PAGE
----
Time for banks to trace PPI victims, say disgruntled public

Aug 20, 2013   //   by Keith McDonald   //   Insurance  //  Comments Off on Time for banks to trace PPI victims, say disgruntled public

Lloyds Insurance Feature 11

The number of complaints regarding payment protection insurance (PPI) may have already past its peak, with figures from the Financial Ombudsman Service showing that volume has fallen by a third since reaching 3,000 per day in mid-Winter. But banks will not be allowed to rest easily.

Estimates suggest the vast majority of customers who were sold a PPI policy (as many as 85%) have yet to file a complaint.

Some may not realise that they are entitled to compensation, while many have been dissuaded or outwardly dismissed by banks’ complaints handling teams.

Last month, one of Lloyds’ complaints handling centres were caught dismissing PPI cases on the basis that most complainants simply give up once they are rebuffed the first time.

Lest we forget, this is the same bank whose ‘salespoint’ system incentivised staff to sell products that were more valuable to the bank than to the customer.

Banks are continuing to sit upon a compensation pot worth £10 billion, while rejecting valid complaints out of hand and then, to add insult to injury, extending a hand to firms like CPP which carried out mis-selling behaviour on their behalf.

A disaffected public now wants banks to be forced into proactively tracking down affected customers rather than waiting for them to complain first. Some in the financial services industry are not happy to let the matter rest either.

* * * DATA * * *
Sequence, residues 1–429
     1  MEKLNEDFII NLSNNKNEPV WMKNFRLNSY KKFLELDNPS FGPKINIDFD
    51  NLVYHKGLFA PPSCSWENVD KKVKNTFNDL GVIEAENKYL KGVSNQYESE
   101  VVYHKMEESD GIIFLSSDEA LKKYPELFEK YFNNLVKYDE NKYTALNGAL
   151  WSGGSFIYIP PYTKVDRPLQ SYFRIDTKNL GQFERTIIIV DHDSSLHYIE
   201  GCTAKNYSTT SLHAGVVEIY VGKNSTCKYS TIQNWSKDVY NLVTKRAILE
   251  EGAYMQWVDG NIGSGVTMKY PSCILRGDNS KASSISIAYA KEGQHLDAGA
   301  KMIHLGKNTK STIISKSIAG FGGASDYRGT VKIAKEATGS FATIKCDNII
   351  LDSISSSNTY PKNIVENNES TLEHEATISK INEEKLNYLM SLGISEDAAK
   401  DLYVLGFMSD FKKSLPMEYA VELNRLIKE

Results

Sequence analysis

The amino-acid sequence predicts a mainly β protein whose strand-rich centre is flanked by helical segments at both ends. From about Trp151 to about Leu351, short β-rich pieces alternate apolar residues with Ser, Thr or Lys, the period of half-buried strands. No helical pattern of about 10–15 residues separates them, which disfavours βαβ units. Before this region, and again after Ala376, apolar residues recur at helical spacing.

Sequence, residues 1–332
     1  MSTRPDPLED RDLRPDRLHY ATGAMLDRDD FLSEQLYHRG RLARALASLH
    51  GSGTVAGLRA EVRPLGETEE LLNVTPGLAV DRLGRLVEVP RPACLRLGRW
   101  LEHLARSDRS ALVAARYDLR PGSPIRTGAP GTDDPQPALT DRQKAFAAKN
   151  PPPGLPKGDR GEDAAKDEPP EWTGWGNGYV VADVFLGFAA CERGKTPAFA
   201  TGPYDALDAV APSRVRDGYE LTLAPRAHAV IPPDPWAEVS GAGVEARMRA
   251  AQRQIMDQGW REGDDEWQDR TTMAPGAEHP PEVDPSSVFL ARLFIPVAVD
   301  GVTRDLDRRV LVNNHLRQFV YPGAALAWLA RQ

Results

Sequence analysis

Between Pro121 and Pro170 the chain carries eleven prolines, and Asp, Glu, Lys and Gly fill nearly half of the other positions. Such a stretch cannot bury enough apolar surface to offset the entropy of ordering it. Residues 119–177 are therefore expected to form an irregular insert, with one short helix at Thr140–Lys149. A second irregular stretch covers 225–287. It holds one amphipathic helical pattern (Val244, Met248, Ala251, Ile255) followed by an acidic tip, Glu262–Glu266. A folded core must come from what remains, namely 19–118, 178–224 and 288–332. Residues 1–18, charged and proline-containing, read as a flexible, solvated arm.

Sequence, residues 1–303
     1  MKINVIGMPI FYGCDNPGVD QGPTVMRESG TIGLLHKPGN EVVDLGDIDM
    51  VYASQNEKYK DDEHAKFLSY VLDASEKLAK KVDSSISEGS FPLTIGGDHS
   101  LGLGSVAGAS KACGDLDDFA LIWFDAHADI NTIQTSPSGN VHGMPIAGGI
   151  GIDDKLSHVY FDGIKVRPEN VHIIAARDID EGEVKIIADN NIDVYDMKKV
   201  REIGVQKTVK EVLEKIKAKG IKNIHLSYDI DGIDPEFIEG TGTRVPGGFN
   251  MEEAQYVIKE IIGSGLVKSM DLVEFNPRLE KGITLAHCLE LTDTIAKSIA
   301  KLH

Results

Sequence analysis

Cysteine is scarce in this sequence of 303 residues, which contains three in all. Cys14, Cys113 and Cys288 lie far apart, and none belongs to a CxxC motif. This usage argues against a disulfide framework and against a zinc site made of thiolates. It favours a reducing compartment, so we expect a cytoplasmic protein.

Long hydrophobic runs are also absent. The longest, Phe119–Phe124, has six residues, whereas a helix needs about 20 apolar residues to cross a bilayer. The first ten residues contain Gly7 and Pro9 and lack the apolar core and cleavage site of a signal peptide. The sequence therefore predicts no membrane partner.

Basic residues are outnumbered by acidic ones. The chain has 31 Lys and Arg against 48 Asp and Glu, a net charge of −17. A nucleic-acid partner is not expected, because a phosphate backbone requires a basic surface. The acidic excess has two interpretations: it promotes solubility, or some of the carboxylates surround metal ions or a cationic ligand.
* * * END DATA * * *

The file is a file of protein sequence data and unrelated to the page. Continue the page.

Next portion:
Gary Verschuur, Founding Partner of Forbes Douglas, has offered advice to people who are unsure about claims or whose complaints have been dismissed out-of-hand.

How to Get Started:

  • Retrace Sources of Credit

If you can’t remember your itemised credit history or have not kept all the paperwork for old credit cards and loans, it’s very easy to trace this down, says Verschuur.

Credit references agencies such as Equifax or Experian will provide a copy of your credit report for £2, which details any loans or credit cards that have been active over the last six years – even if they were taken out before that time.

Writing

  • Request the Paperwork

Write to these lenders and request copies of any paperwork that they hold related to your account or your relationship with them. They must respond within 40 days.

This information will disclose whether or not PPI was applied to that credit card or loan.

  • Begin a Claim

If you think a claim is merited, this can be done directly with the bank to avoid the fees of a claims management company.

Or, if you are uncomfortable with the thought of dealing with banks’ complaints teams, these companies are around to help.

  • Do Not Let Banks Fob You Off

The most important thing is not to take a rejection from the bank as the end of the road, says Verschuur.

Cases can be taken to the independent Financial Ombudsman Service, which will judge whether mis-selling took place.

They [banks] have outsourced the claims handling process to other companies, but those other companies in cahoots with the banks are again not treating customers fairly, so it’s a great shame.

If the banks themselves are not going to put that right then it’s beholden on the regulator, the Financial Conduct Authority, to step in and say, “Hang on a minute, guys. You’re not playing fair here by your customers.”

The chief Financial Ombudsman yesterday said that if the banks had adequate processes in place for dealing with complaints then the ombudsman would only be deciding a quarter of appeals in favour of the customer, rather than three quarters that they are doing. So something is not quite right…

Gary Verschuur, Forbes Douglas

Around 4 in 5 current cases referred to the Ombudsman are being found in the customer’s favour. The odds are definitely with you, even if the banks reject your claim.
If you enjoyed this post, please consider leaving a comment or subscribing to the RSS feed to have future articles delivered to your feed reader.

Comments are closed.